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It's not often that a player gets honoured in a tournament while he is still playing. But that changes when you have been playing the tournament for 25 years in a row.
Canadian veteran Daniel Nestor was honoured with a plaque and a bottle of 1989 Chateau Grand-Puy-Lacoste red wine from current world no. 1 Novak Djokovic, in a ceremony on Court Central in Montreal during the ongoing Rogers Cup.
Nestor is the first player to play in one event for 25 years in a row in the Open Era.
Nestor commented on the occasion, "It's been a long time on tour and at this tournament and I feel fortunate to play as many years as I have."
The Canadian has won eight Grand Slam doubles titles and has 896 career doubles win.
He also peaked in the top 60 in singles. This week he is playing with Robert Lindstedt and they will meet Jerzy Janowicz and Dominic Inglot, in the second round.
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Daniel Nestor (Toronto) and French partner Kristina Mladenovic clinched the mixed doubles Wimbledon trophy on Sunday, defeating the top-seeded Brazilian-American pair of Bruno Soares and Lisa Raymond 5-7, 6-2, 8-6 for the title.
After the dropping the closely-fought first set, Mladenovic and Nestor were nearly perfect in the second, reeling off five straight games at one point to take the match to a deciding third set.�
Then, with Mladenovic serving at the 5-6 mark of the third set, the Canadian-French pair saved two championship points and held to bring it to 6-6. They didn’t lose a game after that, breaking in the next game and ultimately serving out the tournament at the two hour and four minute mark. Hitting nine aces and 22 winners, Nestor and Mladenovic earned four of 11 break point opportunities, and both players had their moments to shine.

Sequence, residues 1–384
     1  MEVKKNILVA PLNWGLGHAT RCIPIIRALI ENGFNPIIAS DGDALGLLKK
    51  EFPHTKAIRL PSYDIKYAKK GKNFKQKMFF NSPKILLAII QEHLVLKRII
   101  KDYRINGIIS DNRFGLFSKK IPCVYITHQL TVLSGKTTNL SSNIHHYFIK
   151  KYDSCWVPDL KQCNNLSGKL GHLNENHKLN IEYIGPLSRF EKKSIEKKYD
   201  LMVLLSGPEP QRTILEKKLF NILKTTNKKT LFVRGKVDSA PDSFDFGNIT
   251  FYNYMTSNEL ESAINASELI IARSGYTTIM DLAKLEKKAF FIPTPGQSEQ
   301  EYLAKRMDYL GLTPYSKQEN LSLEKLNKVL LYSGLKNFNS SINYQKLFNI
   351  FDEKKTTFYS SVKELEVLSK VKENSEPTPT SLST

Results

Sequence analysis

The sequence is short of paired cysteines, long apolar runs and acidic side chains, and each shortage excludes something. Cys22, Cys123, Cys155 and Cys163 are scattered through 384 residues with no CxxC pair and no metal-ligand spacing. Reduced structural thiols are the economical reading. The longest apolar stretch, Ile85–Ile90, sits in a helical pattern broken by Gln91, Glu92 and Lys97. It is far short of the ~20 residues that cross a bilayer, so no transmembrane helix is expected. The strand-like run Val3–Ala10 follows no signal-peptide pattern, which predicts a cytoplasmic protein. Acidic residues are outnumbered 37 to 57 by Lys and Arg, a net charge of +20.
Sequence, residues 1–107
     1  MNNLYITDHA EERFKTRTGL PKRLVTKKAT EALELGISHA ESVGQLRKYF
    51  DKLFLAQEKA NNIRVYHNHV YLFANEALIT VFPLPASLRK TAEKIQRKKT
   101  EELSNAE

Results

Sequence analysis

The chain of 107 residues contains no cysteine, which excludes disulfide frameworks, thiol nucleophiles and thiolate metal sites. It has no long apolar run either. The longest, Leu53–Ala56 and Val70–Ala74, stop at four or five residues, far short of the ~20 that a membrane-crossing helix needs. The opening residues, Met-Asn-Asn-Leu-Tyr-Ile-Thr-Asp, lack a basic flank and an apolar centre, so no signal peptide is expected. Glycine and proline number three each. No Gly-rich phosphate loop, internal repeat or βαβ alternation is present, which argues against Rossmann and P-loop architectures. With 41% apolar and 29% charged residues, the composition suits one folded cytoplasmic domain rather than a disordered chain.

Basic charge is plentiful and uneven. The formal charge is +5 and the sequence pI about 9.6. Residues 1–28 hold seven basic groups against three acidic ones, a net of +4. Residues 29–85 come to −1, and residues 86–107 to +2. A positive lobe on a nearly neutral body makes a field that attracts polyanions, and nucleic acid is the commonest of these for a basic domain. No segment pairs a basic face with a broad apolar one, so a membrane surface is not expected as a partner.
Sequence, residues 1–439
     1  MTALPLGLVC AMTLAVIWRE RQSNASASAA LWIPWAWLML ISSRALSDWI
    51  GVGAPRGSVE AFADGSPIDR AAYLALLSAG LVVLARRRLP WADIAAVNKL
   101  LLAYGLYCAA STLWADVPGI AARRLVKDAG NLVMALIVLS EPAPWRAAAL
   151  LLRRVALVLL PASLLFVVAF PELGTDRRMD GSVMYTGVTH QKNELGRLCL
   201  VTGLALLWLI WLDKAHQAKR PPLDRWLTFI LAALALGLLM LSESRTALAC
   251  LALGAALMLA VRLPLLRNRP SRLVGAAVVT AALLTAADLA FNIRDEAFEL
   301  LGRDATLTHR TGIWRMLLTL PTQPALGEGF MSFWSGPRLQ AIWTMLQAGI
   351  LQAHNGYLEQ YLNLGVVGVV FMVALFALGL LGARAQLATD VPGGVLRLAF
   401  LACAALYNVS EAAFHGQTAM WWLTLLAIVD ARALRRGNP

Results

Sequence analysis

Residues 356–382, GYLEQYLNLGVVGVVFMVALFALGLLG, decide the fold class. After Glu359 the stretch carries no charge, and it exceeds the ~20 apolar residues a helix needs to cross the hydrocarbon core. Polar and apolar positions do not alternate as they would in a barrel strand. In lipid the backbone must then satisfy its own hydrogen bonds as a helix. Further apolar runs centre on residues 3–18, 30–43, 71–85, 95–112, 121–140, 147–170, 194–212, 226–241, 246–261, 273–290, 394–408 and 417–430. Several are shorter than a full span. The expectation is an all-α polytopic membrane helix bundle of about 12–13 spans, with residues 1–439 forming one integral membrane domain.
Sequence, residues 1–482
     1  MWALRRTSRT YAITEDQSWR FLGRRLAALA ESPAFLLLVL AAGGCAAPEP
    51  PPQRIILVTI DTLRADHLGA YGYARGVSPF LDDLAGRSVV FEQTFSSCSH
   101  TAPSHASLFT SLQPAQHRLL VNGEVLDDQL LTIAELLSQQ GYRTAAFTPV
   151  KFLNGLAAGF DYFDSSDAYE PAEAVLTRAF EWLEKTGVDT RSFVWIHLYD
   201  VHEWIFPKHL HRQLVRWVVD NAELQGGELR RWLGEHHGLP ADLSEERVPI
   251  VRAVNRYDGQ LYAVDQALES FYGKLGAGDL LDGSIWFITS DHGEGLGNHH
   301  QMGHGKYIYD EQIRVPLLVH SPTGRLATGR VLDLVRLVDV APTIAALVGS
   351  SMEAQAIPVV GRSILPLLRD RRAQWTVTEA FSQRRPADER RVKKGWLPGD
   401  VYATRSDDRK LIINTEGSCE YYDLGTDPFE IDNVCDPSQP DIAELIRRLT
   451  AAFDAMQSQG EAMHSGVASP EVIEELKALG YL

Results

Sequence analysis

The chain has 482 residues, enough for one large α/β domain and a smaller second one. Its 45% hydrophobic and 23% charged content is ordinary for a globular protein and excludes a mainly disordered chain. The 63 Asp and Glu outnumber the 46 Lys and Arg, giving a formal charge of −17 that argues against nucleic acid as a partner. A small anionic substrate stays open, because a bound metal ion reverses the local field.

It was the second extended match for the No. 8-seeded duo, as they won their semifinal duel 11-9 in the third set over No. 3 seeds Nenad Zimonjic of Serbia and Katarina Srebotnik of Slovenia, both former partners of Nestor. En route to the championship, they also eliminated the No. 2 pair of Romania’s Horia Tecau and India’s Sania Mirza.
Nestor and Mladenovic now hold a 9-1 record together as a team. They also played together at the French Open last month, where they finished as runners-up.
For 40-year-old Nestor, the victory gives him his third mixed doubles Slam trophy, joining the pair he won at the Australian Open – in 2007 with Russian Elena Likhovtseta and in 2011 with Srebotnik. He is now 3-4 in mixed doubles finals. The Wimbledon crown also is his first title of the 2013 season, while it is the first professional Slam title of any kind for 20-year-old Mladenovic, who was the 2009 Junior French Open champion. Mladenovic also is the defending Rogers Cup presented by National Bank doubles champion alongside Poland’s Klaudia Jans-Ignacik.
Daniel Nestor (Toronto) and Frenchwoman Kristina Mladenovic will have to settle for the runner-up position in the French Open mixed doubles tournament following a 1-6, 6-4, 10-6 loss to Czech duo Lucie Hradecka and Frantisek Cermak in the championship match on Thursday.
After a strong opening set, which the No. 5-seeded team of Nestor and Mladenovic captured in just 21 minutes, the Canadian-French pair could not capitalize on four break chances in the second set and Hradecka and Cermak were able to push the battle into a deciding match tiebreak. In the tiebreak, the Czechs grabbed an early lead and held on for the victory.
The loss drops Nestor’s record in mixed doubles finals to 2-4. He previously won the Australian Open in 2011 with Katarina Srebotnik of Slovenia and in 2007 with Elena Likhovtseva of Russia. The 40-year-old also possesses eight Slam trophies in men’s doubles.�
Nestor and 2012 Rogers Cup presented by National Bank doubles champion Mladenovic will also play together in the Wimbledon mixed doubles draw in a few weeks’ time.